Writing, and the permission for truth…

When I talk about writing, I talk about two separate worlds.

In one, I write happy, comedic novels where the guy gets the girl, and the girl has amazing friends, and they can all overcome everything that gets in their way.

In the other, I teach people that it’s okay to write the sad things. The true things.

I’ve been working on my research project for my MSc, working with some amazing women who are writing their truth, and are being honest on the page and with themselves. And it makes me honest on the page too.

In novels, we want everything to be okay, we don’t want to go on a four page rant about how the heroine feels like shit that day. Why? Because no-one wants to read that. It’s a bummer. It doesn’t achieve anything but make your reader think ‘Jeez, this is one whiny narrator. Buck the hell up, kid!’

But in personal writing, in journalling and reflective writing, there is absolute value in writing about your crappy day or your sad moments. It’s a moment of pure, unadulterated honesty with yourself. And if you’re someone who’s used to putting a happy spin on things, it can be really empowering.

If you want to write therapeutically, about something negative, I’d recommend timing yourself, giving yourself over freely for 20 minutes (if you’re a seasoned writer, maybe less if not). Decide what you want to do with this writing…mine ends up moving towards the positive, I guide it that way. I get out what I need to get out, and I end it on a high note. I don’t like to leave things sitting there without a full stop, festering. I want to end things with hope. Or, you could rip it up, burn the thing. Leave that negativity somewhere else, trap it in the page.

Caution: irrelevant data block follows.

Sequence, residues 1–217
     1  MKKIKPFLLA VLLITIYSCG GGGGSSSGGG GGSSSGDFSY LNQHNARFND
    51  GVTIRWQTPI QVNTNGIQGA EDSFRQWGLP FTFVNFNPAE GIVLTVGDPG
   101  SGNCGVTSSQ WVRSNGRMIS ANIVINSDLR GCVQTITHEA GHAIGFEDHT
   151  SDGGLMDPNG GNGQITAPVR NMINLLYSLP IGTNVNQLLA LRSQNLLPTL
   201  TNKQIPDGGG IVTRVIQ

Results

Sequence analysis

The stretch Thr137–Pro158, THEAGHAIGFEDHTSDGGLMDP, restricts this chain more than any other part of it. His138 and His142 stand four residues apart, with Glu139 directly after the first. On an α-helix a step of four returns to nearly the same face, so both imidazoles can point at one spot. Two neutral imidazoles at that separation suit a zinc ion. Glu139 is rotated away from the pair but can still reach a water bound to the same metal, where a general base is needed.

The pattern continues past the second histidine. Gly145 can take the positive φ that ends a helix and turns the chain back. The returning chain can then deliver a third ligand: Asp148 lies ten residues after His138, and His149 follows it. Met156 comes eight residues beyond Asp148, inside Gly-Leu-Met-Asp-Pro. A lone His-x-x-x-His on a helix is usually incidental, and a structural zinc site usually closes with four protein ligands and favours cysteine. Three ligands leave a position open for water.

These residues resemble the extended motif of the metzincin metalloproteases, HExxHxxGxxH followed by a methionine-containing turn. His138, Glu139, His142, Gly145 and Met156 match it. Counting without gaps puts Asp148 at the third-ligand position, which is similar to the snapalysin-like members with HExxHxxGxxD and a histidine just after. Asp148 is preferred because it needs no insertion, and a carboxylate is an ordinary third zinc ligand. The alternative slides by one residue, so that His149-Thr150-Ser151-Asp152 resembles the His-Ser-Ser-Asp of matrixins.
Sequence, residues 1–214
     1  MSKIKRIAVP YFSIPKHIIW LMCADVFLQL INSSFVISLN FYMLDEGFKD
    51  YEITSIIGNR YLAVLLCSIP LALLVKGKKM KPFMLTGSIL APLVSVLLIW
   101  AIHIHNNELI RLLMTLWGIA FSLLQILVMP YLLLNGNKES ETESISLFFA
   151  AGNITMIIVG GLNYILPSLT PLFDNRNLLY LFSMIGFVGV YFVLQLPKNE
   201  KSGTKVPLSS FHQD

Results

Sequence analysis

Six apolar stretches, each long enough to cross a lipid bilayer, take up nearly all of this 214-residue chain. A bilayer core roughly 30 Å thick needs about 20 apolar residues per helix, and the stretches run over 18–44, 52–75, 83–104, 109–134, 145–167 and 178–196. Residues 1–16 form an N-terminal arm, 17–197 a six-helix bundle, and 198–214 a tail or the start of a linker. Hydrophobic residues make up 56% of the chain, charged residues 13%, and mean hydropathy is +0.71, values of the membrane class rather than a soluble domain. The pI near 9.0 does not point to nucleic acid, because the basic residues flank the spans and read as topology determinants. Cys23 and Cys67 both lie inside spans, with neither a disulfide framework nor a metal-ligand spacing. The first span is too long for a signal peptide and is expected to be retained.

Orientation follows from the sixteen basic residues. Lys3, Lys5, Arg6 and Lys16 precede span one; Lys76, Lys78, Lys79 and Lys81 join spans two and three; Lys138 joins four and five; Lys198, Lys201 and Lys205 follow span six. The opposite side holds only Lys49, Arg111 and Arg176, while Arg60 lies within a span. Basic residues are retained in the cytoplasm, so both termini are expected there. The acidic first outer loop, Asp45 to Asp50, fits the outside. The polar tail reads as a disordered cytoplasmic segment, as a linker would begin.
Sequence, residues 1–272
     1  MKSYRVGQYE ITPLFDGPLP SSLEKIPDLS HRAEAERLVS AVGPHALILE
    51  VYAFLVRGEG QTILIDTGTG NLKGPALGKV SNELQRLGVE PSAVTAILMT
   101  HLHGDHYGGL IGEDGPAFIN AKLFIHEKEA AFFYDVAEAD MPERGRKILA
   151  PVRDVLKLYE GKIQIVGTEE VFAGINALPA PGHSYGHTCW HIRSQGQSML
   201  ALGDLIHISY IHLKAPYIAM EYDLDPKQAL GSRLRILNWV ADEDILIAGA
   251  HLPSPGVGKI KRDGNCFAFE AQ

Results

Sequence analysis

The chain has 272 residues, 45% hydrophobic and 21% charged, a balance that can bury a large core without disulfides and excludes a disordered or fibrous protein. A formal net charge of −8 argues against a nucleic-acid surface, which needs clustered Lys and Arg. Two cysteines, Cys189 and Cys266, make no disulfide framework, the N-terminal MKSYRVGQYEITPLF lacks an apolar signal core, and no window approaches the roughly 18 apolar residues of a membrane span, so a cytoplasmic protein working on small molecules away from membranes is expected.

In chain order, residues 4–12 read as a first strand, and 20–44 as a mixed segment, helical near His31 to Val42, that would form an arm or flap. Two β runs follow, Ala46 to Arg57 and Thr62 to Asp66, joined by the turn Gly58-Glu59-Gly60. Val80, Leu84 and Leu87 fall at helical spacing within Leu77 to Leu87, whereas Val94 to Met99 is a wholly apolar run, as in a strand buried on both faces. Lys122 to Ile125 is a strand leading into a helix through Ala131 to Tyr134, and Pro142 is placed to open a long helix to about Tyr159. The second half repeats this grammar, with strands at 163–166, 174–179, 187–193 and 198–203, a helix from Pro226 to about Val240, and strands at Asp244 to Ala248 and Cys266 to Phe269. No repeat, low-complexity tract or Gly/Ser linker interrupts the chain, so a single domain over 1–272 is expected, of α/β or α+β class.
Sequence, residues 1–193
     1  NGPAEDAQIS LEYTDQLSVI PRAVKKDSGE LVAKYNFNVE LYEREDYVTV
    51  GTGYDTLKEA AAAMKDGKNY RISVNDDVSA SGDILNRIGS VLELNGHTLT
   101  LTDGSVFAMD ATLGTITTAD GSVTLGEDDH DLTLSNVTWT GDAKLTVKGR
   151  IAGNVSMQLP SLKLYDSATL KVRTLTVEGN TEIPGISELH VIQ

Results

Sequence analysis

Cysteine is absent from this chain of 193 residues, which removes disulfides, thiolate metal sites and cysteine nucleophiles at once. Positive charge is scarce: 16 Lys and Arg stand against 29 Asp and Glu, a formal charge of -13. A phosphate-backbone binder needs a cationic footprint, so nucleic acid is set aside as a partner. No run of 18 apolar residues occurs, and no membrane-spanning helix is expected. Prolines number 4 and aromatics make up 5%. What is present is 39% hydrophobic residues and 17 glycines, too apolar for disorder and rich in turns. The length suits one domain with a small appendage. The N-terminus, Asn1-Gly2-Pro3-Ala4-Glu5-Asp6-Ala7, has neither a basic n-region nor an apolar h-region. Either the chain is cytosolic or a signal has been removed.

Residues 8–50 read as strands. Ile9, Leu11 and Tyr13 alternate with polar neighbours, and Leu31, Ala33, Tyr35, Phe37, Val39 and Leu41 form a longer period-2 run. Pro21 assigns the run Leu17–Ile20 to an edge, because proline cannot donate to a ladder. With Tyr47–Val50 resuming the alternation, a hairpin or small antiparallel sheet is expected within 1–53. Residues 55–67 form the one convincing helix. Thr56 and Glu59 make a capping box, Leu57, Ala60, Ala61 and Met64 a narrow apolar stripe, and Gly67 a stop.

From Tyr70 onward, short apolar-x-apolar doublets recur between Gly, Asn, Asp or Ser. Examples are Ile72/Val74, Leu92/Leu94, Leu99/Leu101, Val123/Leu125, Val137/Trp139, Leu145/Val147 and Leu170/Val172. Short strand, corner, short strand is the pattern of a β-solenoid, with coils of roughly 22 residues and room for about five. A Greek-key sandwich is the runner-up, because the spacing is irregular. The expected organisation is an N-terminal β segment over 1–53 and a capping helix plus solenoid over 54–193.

Being honest about what you want to write and what you feel is important, so here I am, giving you permission, if you think you need it.

And whilst we’re at it, if you are writing stories or novels or poems…write what you want to write. Write things you’d like to read, things that would make you feel safe, and excited and not so alone.

I write for a lot of reasons, and one of them is fun. So I’m excited to say that the first book in my new series will be out next week! On the 28th April, Goodbye Ruby Tuesday will be released. I hope, if you read it, it’s as fun to read as it was to write.

And if you happen to be at Larmertree Festival this year, I’ll be doing some workshops around Writing and Nature, and Writing and Body, but more on that soon!

How and why do you write? Do you think there’s a benefit in cathartic writing?






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